Many schools are targeting times tables recall this year with the potential opportunity to trial the Multiplication Tables Check (MTC) this academic year before it becomes statutory in summer 2020.
I’ve been delivering Times Tables CPD in schools this term and reminding colleagues about the importance of the teaching of times tables sitting alongside the testing of times tables. Many schools are buying into TTR – Times Tables Rockstars – which is a real motivator for many children to develop their quick recall.
But let’s remember about teaching time tables as well, thinking about the key teaching points of repeated addition, commutativity, related facts, inverse and fact families. Using manipulatives can highlighted many of these key features.
I have also been showing the ATM clip of Jill Mansergh teaching a large group of student teachers the x17 tables. My delegates have been watching this open mouthed, often reluctant to join in at first then unable to resist by the end. One teacher asked a great question after watching it: “does it work for any table?”. We then proceeded to practice with a counting stick using the table of their choice (most chose x7). If you have never seen this clip or haven’t for a long time, I strongly advise that you look it up on YouTube https://www.youtube.com/watch?v=yXdHGBfoqfw
Interested in finding out more….
For more details and to book your place, please visit: www.robsnaith.co.uk
I’ve spent this summer in Portugal travelling from north to south. It’s really amazing just how much mathematics you do encounter along the way when you’re looking with your ‘maths eyes’. There is a great deal of Moorish architecture in both Portugal and Spain and the Portuguese were great explorers and mathematicians. I just love the fact that a city, in this case Coimbra near Porto, has a ‘Mathematical Road’.
So I’m always on the lookout for mathematical images and interesting stimuli that I can use as part of CPD. I think they can also form a great (and easy) working wall with pupils encouraged to contribute their mathematical questions via post-it notes. Pupils can then follow a line of inquiry that is of interest to them. Sometimes there isn’t an answer and that’s ok too.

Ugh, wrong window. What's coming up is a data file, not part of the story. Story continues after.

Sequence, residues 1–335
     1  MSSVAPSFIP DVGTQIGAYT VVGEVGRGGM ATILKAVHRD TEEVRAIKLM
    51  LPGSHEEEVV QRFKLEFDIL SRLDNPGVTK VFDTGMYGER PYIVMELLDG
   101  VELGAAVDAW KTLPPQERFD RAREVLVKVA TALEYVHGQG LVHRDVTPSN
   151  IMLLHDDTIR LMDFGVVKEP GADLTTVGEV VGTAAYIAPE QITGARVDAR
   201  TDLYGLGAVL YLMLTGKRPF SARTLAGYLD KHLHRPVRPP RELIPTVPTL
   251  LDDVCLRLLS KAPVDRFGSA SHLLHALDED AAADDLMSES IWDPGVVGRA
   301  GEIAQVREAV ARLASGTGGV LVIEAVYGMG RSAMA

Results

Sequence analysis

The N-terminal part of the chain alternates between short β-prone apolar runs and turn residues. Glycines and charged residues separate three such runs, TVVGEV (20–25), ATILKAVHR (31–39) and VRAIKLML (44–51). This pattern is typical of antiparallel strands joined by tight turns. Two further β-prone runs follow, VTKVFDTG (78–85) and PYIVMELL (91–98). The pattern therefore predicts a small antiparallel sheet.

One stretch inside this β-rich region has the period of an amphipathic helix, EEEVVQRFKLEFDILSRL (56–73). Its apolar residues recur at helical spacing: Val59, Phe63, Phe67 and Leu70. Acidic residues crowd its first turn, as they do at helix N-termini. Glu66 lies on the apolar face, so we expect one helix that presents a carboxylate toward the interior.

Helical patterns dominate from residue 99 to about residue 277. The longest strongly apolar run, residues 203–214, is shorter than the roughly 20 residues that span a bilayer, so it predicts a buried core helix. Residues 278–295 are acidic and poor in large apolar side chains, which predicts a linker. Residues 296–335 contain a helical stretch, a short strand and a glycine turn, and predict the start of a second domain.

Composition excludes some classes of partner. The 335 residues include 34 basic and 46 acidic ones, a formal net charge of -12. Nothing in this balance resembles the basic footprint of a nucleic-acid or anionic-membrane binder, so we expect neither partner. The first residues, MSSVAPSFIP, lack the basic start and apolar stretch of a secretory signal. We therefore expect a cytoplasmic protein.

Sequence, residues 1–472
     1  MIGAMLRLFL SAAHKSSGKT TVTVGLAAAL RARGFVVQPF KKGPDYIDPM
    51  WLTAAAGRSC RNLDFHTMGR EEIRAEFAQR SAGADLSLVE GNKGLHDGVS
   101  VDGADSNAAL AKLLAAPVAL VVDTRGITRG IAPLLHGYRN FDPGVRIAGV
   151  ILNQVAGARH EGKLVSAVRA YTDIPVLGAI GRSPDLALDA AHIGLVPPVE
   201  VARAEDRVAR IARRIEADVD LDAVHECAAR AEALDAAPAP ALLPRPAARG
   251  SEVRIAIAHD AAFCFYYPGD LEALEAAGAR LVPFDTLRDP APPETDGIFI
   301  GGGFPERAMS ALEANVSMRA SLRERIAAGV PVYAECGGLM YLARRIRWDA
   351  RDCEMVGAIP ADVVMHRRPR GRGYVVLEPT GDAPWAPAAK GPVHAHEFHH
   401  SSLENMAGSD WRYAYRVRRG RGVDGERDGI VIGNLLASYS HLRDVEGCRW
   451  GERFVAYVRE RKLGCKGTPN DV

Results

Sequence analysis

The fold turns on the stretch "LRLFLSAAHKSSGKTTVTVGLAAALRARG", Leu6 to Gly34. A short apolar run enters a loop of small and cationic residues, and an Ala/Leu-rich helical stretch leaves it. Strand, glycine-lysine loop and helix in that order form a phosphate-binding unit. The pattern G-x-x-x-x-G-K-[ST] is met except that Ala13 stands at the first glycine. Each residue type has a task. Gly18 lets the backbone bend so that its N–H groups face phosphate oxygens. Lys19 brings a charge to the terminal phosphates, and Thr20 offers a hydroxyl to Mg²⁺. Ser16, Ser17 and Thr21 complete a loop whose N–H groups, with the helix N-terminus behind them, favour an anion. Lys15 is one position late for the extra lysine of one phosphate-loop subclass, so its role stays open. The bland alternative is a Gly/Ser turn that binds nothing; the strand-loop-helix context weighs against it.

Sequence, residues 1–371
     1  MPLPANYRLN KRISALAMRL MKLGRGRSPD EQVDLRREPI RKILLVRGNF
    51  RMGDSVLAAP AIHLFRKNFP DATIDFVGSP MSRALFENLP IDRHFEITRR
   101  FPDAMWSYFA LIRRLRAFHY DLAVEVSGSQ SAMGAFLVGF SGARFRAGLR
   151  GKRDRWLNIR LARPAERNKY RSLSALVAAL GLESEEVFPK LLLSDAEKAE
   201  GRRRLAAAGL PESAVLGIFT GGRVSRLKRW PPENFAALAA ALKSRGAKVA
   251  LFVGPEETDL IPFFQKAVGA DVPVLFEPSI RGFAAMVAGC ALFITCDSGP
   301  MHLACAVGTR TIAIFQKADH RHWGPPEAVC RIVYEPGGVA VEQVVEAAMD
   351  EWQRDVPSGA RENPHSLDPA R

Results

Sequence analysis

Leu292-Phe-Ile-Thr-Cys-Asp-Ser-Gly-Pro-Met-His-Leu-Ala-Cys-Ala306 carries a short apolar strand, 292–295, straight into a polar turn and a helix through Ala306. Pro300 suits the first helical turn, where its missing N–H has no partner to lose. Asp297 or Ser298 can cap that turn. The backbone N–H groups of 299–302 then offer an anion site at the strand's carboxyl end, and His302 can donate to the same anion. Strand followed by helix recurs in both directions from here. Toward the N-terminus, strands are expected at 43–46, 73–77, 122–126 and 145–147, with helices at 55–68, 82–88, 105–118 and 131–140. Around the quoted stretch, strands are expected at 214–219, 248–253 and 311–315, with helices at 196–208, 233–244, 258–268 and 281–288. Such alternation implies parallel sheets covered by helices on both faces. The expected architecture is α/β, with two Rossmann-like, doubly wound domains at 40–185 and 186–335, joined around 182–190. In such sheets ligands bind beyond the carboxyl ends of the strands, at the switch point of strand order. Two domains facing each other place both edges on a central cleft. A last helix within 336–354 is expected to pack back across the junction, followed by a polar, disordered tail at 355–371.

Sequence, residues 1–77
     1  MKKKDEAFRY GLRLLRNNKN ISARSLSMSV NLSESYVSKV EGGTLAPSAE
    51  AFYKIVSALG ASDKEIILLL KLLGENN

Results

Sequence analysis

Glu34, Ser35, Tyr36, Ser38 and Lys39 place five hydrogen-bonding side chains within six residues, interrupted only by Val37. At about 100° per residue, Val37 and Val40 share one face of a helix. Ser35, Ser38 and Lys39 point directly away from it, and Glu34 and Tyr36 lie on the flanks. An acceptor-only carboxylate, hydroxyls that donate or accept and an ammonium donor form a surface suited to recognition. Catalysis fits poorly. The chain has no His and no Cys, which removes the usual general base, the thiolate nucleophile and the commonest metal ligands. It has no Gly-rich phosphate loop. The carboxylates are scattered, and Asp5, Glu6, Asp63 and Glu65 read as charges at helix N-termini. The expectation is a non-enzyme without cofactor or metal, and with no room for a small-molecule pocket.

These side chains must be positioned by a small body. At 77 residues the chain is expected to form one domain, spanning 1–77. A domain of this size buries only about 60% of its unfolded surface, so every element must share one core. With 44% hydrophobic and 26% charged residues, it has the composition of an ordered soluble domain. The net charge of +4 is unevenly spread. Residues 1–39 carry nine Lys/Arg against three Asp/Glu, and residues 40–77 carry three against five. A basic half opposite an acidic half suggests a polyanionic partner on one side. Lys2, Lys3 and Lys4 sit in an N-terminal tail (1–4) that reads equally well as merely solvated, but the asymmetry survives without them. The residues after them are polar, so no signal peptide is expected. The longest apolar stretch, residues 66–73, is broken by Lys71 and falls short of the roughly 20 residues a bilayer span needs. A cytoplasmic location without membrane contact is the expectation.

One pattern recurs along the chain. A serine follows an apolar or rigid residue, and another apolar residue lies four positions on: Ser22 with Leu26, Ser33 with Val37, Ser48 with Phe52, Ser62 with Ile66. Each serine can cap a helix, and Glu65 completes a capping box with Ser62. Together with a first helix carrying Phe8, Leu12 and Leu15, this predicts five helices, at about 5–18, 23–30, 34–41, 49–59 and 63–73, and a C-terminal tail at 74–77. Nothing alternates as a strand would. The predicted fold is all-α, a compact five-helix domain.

Pictures are a great stimulus for mathematical discussion and differentiation can be achieved vary easily by varying the complexity of the question posed or discussed.
Tiling and architecture are often symmetrical and provide a good starting point. The top left is a window that demonstrates both reflective and rotational symmetry. On the lower right, we could discuss repeating patterns, sequences, arrays or symmetry. On the lower left, we have a tessellation and could discuss angles and therefore the properties of shapes.
On the top right is a great grate that I happened across in Sintra, near Lisbon and couldn’t resist taking a photo of it. Assuming that the triangles are contained within a square, what other angles can you calculate? What other assumptions have you made?
Tuesday 11 September 09:00-12:00
This course is aimed at teachers and TAs and will discuss the concrete, pictorial and abstract approach and why it is so important for teachers to use manipulatives in the classroom at both KS1 and KS2.
We will explore how different manipulatives (Numicon, Multilink cubes, counters, bead strings, Cuisenaire rods, counting sticks, place value cards, hundred squares, digit cards, dice, dominoes) can support conceptual understanding in the primary classroom as well as being developed to be used as a reasoning tool.
For more details and to book, please go to go to robsnaith.co.uk
On 5 July, I had the pleasure of delivering a workshop at the NCETM North Midlands Peak, Central and Salop & Herefordshire Maths Hub Secondary Conference at the University of Wolverhampton, Walsall campus . My session was a highlights version of the work group work I have been carrying out this academic year on Challenging Topics at GCSE for the North Mids Maths Hub. The topic we have been exploring has bee ratio and proportion starting off with the question – “ratio and proportion, what’s the same and what’s different?”
Of course the big highlight for me was meeting my maths hero Johnny Ball so I of course couldn’t resist a selfie along with Prime Maths Solutions. Johnny is still passionate about mathematics and gave a great lecture on the history of mathematics with a couple of ideas that I can’t wait to try out with preciouslearning.co.uk